3. Any travel hints for a newbie?

    Hello, As I said, I don't usually use a leg for showering etc. But if it's a matter of getting into the sea and I need a leg I use a plastic one that I got on the NHS. They call it a 'water activity leg'. I go to the beach a lot and I couldn't get into the sea without it. Also, I used to use it a lot when I wasn't sure about the bathroom I had or just couldn't be bothered trying to stand on the one leg and swivel around to make sure things were ok. I would say on the whole that the 'water activity leg' is a good leg to have, but if you want a running leg or anything else like that then beware that the nhs will only give you 3 legs at the most. The running leg with socket etc is obviously more expensive than the water leg so if it will be a third leg for you then please think about what you would be willing to pay for and what you want the nhs to pay for. Fi
  4. Any travel hints for a newbie?

    Hi Dale, I am a BK amputee and I travel all the time - at the moment I am flying on average about once every 10 days (and yes I do feel suitably guilty about my carbon footprint). I remember my first travels with the leg and I remember being really anxious about it and especially about the different bathrooms in the hotel rooms. Since then I've probably stayed in every different kind of hotel room imaginable with every different type of bathroom imaginable and I've managed to shower in them all, even if I've looked very weird doing it. I don't bring anything extra with me when I travel, just myself and any legs I think I might need which vary depending on where I'm going and what I'm doing. Sometimes I check the legs into the hold and other times I carry them on - they have always made it when I've checked them in although one time I didn't check them in the airline lost our luggage so that was a very lucky chance decision at check in! Staff at check in are generally alright when you check the spare legs in although I have had a couple of rude ones - most recently telling me that they would allow strollers to be checked in for free but not prosthetic legs which I thought was amusing (they let the legs on in the end). Ossur sells leg bags and they are quite cheap - about 10GB pounds. I have two or three and they are really useful (especially when you have too much stuff to fit in your suitcase and need a bit of extra room for shoes or books or whatever...). To buy them I called an Ossur call centre in Holland I think it was - m prosthetist gave me the number so it might be an idea to ask yours about this. Hotel room bathroom wise, I don't have any waterproof cover for my leg and generally don't use my water leg because it is too much hassle to wash my actual stump afterwards when I'm wearing a leg. So what I do is step into the bath/ shower cubicle with the leg still on, take the leg off when I get in the shower, and then if it really is too dangerous to get out at the end by sitting on the edge of the bath and swivelling, or hopping out of the shower to the sink, I put the leg on again to get out of the shower by kind of stepping into it as I get out. Does that make sense? I realise that this is probably not the safest approach but after a while you do get quite good at assessing the safeness or not of the bathroom you are in, and nothing has ever happened to me by doing this in the 5 years that I have been doing it. Apart from that going away with the leg really is not too much hassle and is totally doable, and worth it for the sense of total independence and freedom that it gives you, trust me. I think you also asked about water legs in your post. I do have a "water activity leg" which I use when I'm at the beach and want to go swimming in the sea or if I'm on a boat trip or whatever, but I don't use it to shower in because of the extra hassle it causes with having to wash my stump separately from the rest of my body at the end of the shower - yes I'm v lazy! Right, good luck with it! Fi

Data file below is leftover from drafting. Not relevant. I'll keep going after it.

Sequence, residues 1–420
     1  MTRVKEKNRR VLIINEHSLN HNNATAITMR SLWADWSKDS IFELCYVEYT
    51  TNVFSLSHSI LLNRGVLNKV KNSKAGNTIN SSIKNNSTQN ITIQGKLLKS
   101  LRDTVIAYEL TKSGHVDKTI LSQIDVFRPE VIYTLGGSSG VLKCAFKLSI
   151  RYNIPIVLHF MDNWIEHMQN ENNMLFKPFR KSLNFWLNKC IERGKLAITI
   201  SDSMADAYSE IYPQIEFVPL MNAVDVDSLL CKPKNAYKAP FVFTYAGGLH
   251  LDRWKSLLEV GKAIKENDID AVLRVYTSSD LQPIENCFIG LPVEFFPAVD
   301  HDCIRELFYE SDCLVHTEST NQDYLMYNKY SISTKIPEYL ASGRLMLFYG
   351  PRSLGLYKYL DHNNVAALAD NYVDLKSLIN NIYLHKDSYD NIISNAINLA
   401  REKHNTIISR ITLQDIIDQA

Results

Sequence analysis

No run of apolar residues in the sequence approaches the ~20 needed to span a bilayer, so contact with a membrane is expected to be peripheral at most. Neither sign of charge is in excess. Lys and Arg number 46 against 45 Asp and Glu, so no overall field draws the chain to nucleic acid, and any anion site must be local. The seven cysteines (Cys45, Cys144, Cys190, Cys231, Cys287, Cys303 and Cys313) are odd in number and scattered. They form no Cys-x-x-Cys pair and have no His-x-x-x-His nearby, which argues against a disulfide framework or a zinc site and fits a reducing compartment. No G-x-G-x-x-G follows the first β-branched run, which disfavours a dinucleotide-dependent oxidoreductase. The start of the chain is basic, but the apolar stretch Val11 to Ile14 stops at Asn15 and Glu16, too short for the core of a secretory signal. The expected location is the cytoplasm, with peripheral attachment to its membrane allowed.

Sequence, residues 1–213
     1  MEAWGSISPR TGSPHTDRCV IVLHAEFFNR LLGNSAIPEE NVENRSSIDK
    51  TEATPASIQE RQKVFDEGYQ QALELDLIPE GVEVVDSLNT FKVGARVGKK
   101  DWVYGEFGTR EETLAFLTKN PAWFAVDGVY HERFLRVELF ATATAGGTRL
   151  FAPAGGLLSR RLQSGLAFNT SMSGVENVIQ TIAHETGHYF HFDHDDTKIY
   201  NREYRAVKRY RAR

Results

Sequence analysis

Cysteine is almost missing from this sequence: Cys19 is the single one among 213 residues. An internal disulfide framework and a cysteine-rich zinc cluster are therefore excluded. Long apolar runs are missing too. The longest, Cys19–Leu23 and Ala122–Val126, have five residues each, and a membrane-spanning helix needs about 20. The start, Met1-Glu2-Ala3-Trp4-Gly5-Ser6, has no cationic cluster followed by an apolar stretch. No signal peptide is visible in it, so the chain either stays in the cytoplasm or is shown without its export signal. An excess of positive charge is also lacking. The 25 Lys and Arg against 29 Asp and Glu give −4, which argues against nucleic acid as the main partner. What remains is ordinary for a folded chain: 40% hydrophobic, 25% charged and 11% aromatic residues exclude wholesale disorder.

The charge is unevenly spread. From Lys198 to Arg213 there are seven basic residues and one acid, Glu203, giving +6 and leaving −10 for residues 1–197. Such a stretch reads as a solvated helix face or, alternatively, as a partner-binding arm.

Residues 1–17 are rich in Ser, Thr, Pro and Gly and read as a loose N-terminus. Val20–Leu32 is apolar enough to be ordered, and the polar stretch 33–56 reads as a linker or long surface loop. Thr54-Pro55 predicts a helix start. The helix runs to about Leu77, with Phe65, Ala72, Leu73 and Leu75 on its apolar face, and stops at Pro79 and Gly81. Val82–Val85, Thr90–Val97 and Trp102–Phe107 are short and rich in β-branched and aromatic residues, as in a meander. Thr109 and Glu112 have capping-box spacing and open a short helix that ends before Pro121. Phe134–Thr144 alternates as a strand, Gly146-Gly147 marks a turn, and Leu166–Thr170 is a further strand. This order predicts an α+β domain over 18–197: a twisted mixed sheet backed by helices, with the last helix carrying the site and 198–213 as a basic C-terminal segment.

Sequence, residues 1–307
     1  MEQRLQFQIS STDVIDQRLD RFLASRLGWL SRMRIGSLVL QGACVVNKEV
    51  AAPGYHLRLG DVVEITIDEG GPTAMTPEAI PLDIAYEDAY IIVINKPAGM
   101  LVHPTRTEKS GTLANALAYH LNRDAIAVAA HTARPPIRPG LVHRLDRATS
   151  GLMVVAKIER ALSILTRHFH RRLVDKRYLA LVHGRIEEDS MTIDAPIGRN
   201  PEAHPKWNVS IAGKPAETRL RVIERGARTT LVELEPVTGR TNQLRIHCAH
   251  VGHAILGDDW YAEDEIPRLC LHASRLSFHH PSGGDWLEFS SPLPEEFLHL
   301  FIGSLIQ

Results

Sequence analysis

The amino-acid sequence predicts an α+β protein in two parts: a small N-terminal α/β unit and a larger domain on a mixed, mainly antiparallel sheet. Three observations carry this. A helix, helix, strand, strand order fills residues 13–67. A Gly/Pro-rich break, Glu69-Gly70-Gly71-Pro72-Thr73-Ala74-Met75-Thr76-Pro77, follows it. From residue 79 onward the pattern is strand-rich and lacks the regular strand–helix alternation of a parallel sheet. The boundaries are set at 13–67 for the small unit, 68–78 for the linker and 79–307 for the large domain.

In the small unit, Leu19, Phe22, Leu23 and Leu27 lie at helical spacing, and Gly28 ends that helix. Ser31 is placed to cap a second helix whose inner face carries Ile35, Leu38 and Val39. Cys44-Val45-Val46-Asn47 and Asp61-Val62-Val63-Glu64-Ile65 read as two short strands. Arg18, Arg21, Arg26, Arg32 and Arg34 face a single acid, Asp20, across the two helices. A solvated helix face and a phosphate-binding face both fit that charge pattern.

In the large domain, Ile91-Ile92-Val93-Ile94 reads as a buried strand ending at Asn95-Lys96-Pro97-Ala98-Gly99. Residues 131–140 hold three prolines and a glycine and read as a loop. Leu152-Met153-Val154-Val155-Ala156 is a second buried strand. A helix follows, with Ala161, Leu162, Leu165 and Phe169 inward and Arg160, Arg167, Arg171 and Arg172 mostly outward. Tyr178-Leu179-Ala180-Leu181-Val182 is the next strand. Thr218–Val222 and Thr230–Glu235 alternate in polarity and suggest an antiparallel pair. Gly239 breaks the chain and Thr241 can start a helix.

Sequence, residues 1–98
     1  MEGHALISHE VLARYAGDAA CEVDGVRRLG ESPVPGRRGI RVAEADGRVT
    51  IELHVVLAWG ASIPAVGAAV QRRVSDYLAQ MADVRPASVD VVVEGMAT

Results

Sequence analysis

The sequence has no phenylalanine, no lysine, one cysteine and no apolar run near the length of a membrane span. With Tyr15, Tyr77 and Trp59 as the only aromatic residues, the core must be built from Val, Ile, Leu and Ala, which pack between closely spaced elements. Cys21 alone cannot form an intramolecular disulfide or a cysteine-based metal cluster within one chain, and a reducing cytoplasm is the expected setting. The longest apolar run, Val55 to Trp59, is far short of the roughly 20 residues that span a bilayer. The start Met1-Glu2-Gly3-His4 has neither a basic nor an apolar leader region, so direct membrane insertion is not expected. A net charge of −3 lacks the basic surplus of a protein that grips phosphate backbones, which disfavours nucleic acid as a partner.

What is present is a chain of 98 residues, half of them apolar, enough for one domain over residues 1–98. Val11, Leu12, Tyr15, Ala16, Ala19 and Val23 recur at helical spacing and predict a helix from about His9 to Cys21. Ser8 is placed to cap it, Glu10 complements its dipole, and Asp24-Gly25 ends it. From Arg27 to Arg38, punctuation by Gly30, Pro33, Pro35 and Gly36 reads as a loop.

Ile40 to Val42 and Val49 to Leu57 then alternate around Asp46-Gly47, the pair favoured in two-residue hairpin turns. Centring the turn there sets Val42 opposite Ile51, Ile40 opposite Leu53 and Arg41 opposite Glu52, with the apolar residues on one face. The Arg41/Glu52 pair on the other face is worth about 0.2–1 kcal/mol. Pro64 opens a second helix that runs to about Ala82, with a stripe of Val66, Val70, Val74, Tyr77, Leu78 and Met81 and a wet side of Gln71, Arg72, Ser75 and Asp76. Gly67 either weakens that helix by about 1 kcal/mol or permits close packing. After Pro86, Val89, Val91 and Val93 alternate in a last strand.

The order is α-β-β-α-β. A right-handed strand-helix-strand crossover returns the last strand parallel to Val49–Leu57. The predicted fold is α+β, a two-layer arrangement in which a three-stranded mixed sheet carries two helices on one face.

5. your input needed

    I've just come back from Australia and what I found they were really good at doing was signposting how long all of the walks we did would take - and how many kms/miles the walks were. I think that might really be useful in the UK because I'm sure that what must stop people doing walks etc is not knowing whether they are going to be able to get round the whole thing, especially if it's a circular walk because there's no turning back if you know what I mean. Good luck!
  6. a simple question ?